The blood level of sulfamonomethoxine (SMM) in the dog and its kinetics were studied. The free form and the acetylated form of SMM were successfully isolated by thin layer chromatography. They were further determined by the method described by Bratton and Marshall with a slight modification. Since various undetermined substances were contained in the urine of dogs positive for Bratton and Marshall's reaction, they were also isolated by thin layer chromatography prior to analysis. When injected intravenously, SMM disappeared from the blood circulation at the rate of 3.6% an hour, and excreted in urine at the rate of 2.5% an hour. The total amount of theoretical excretion of SMM in urine was 65.8%. The theoretical space of distribution of SMM in the body was 448.5 ml/kg. Calculation revealed that 53.8mg/kg of SMM was required to keep a blood level of 5 mg/dl 24 hours after injection. In dogs, the deacetylation of acetyl-SMM was observed. The rate of deacetylation was 10.1%. The rate of disappearance of acetyl-SMM from the venous blood was 20.8%. The space of distribution of acetyl-SMM was 450.6 ml/kg, which was quite similar to that of the free form. SMM administered subcutaneously and orally was also analyzed kinetically. The absorption rate of SMM from subcutaneous tissue was 66.7% an hour. The rate of disappearance from the venous blood wa s 4.8%. The rate of absorption of SMM through the gut varied markedly according to the amount of food in the gut. The rate of absorption of SMM was 54.4% an hour in a dog starred for 24 hours and 31.9% in a dog right after feeding. Mathematically, the onset of absorption was 1.0 ± 0.5 hour after administration in the former dog and 6.8 ± 1.0 hours in the latter. The case of repeated treatment was also analyzed mathematically, but no alteration was obser ved in rate of excretion or accumulation.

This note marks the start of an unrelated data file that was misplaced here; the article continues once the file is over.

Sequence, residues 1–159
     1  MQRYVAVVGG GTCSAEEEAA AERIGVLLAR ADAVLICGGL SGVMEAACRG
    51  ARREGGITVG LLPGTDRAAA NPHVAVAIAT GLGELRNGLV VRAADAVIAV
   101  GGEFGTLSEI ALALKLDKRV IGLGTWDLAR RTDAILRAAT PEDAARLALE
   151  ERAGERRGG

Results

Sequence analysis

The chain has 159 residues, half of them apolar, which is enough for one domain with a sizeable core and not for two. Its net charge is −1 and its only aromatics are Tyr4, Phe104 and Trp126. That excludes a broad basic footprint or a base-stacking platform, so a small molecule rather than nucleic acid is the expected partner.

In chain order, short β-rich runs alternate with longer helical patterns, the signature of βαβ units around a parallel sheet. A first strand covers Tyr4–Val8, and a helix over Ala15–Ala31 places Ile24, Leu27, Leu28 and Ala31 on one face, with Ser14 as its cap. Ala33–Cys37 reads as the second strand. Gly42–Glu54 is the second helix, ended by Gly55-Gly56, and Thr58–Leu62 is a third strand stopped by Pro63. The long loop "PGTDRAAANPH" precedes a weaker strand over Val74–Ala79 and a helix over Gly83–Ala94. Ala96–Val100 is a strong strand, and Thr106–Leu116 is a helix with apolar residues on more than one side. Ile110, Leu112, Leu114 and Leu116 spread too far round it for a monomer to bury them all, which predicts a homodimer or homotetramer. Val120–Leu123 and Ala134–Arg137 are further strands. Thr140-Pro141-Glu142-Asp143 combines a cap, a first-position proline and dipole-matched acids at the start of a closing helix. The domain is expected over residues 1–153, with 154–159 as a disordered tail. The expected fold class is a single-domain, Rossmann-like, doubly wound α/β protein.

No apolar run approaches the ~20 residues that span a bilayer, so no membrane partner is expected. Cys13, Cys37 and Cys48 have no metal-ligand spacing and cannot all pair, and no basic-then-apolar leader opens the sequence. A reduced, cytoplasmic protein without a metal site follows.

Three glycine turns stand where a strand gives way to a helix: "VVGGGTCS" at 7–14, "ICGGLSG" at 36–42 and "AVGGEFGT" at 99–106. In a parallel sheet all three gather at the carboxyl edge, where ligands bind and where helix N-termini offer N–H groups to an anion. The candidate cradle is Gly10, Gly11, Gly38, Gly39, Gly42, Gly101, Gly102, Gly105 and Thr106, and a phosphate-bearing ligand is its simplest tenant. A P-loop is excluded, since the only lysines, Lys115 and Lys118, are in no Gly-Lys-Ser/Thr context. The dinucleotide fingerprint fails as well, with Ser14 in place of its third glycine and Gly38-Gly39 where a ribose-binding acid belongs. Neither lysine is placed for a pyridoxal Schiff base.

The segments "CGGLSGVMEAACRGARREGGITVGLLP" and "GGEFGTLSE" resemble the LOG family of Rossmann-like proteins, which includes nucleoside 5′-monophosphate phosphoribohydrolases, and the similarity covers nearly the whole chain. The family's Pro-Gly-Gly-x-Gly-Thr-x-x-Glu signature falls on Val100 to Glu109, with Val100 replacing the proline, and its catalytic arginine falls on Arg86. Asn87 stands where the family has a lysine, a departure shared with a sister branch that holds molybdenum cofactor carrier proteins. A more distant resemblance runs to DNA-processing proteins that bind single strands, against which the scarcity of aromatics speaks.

The gel diffusion test was carried out using Mycoplasma gallisepticum (MG) antigen extracted by sonication from the organisms grown in PPLO broth (Eiken) with addition of horse serum (contained at 20%), and anti-MG rabbit serum which had been prepared from growth in Hofstad's medium containing 20% chicken serum. The results obtained are as follows. 1) Repeated tests by gel diffusion did not always give similar results with the same lot of antigen and its antiserum. An increase or decrease in the number of precipitation lines was observed, though it aws limited to one line. 2) The protein concentration of antigen and time for bleeding from immunized rabbits greatly affected the number of precipitation lines in the gel diffusion test. Under suitable conditions, however, 5 lines were obtained in this test. 3) With antisera S6 and KP-13, the number of precipitation lines varied from 2 to 5 depending on 27 strains used. At least 2 antigen components were common to these strains. Three strains, S6, KP-13, and PG-31, were employed for the cross tests by gel diffusion under more suitable conditions. At least 3 common antigen components were observed among the three strains. One more common precipitation line was seen between the strains S6 and KP-13, or S6 and PG-31. The additional lines were not serologically related. This indicates that a part of MG antigen was not serologically uniform among the strains. 4) Of 54 serum samples from MG-infected chickens, seventeen produced one or three precipitation lines against the antigens of MG (a total of 26 strains). However, there seemed to be some differences in antigenicity among the strains.